Next month’s International Olympic Committee meeting will be a uniquely dramatic affair as officials mull new risks to the Pyeongchang winter games to be staged in South Korea, 80 kilometers from North Korea.
That event is five months out, but the sudden focus on missiles rather than medals speaks to the geopolitical threats emanating from Pyongyang. Economic ones, too.
In recent years, Pyeongchang has gone to great pains — and marketing expense — to stress it’s not the similar-sounding North Korean capital. That didn’t stop a Kenyan official from flying to Kim Jong Un’s biggest city in 2014 by accident.
But there’s no confusing what’s at stake as investors from Seoul to New York mull how a rhetorical arms race between Kim and newish US President Donald Trump might play out. There are two scenarios to consider.
The first — war — has some economists assessing the worst. One such appraisal from Capital Economics Ltd. is garnering interest.
Authors Gareth Leather and Krystal Tan warn of growth shocks, devastated supply chains, sharp currency gyrations and skyrocketing US debt that alters the trajectory of global living standards.
This is the Black Swan scenario, in which an erratic US leader does what everyone says he can’t and wages pre-emptive war, Iraq-style (or it’s Kim that fires first).
The second, and most likely eventuality, is a proxy war on the economic front between Trump’s “America First” policy and a Chinese president calling Washington’s bluff.
The odds of the Black Swan risk that Leather and Tan explore rose last week with Trump’s “fire and fury” warning and Kim threatening to lob missiles Guam’s way.
Obviously, the biggest cost of conflict is humanitarian. More than 1.2 million South Koreans died in their last battle with the North, when gross domestic product fell more than 80%.
Though it now accounts for 2% of world GDP, South Korea plays an outsized role in supply chains. It produces 40% of the global share of liquid crystal displays, 17% of semiconductors and it’s home to the three biggest shipbuilders and major smartphone and auto companies.
While war is man-made, natural calamities such as the massive Japan earthquake in 2011 and devastating floods in Thailand in the same year offer a window into how a disaster can disrupt an economy and global supply chains.
In the Thai example, “the impact on the economy was considerable,” said Leather and Tan.
“GDP in the final quarter of 2011 fell by 4% y/y, led by a 16% contraction in manufacturing output.” Yet the “impact of a war in Korea would be much bigger” because “South Korea exports three times as many intermediate products as Thailand.”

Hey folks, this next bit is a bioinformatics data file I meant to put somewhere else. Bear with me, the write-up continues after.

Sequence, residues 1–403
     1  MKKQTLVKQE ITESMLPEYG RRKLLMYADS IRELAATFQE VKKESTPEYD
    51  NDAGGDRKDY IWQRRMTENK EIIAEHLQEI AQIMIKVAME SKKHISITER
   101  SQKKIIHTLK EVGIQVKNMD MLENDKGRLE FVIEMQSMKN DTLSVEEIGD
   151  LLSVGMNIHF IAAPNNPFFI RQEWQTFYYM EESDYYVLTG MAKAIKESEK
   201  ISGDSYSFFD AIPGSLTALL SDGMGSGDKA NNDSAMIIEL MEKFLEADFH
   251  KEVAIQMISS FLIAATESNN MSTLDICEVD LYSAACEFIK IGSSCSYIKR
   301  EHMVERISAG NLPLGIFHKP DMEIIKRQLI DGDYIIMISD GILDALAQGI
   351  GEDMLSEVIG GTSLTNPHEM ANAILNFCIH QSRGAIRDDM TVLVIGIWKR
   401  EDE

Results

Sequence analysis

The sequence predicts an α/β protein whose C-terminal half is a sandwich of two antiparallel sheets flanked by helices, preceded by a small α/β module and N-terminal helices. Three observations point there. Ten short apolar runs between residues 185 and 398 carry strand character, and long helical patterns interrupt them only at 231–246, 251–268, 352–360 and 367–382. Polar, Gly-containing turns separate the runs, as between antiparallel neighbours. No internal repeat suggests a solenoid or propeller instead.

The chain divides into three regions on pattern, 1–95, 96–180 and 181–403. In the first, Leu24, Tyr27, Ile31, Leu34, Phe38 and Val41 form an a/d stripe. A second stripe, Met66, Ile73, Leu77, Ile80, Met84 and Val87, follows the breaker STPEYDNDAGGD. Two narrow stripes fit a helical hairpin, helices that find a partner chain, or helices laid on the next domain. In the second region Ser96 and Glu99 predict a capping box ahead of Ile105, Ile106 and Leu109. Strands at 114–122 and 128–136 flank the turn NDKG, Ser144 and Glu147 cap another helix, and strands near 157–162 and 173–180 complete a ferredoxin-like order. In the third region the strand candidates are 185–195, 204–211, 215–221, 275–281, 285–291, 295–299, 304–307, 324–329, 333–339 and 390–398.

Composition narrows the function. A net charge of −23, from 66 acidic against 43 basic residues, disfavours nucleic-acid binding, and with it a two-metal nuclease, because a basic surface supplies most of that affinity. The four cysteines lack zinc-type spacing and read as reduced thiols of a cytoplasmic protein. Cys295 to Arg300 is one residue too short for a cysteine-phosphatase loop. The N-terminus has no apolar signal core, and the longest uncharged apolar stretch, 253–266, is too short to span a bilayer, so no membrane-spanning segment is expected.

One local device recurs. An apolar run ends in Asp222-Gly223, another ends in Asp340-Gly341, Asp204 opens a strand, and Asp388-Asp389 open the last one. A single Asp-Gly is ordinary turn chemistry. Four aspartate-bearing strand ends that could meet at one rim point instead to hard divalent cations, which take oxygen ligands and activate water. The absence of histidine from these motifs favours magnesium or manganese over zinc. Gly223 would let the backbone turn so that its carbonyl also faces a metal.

Global prices, it goes without saying, would skyrocket. US debt also would explode when reconstruction begins. If Washington’s tally of costs on the Korean peninsula are proportional to Afghanistan and Iraq, American debt could soar by another 30%, hitting the dollar and boosting the yen.
The more plausible scenario is war averted. But even that could have Trump and Chinese President Xi Jinping waging a proxy war.
Trump is frustrated that Xi hasn’t done more to curb’s Kim’s nuclear blackmail antics. To be sure, Trump exaggerates Xi’s ability to snap his fingers and tame Pyongyang. But Xi could do considerably more to use Beijing’s financial leverage.
Last week, Trump’s team announced tariffs on Chinese aluminum foil of between 16.5% and 81%. It could be a harbinger of bigger actions to come.
On the campaign trail, Trump’s pledge to tax mainland imports at 35% or 45% played very well. Desperate for a perceived win on the international stage, Trump may indeed start a trade war.
Part of this is testosterone. Trump, naively, thought inviting Xi to his Mar-a-Lago compound in Florida forged a trusted friendship. As Trump seethes and looks to distract attention from Russia scandals, America’s trade deficit could be just the target.
Then Beijing would retaliate: a big yuan devaluation; dumping $1.1 trillion of U.S. Treasuries; canceling all orders for Boeing planes; levies on the operations of companies from Apple to General Motors to Walmart; making it even harder for western tech giants to operate in Asia’s biggest economy.
Such steps would boost U.S. borrowing costs and send the yen surging, complicating Japan’s deflation fight. Any of these steps, be they from Trump or Xi, could push China’s debt-and-bubble-wracked financial system off-balance, putting the rest of Asia in harm’s way.
It’s worth noting, too, that markets from New York to Tokyo to Mumbai have been on powerful bulls runs. The coming selloffs could be epic.
If geopolitical bluster were an Olympic sport, Kim and Trump would both be clear medal contenders. All investors watching uneasily from the sidelines can do is hope it’s all talk.
(William Pesek is a Tokyo-based journalist, former columnist for Barron’s and Bloomberg and author of “Japanization: What the World Can Learn from Japan’s Lost Decades.” Twitter: @williampesek)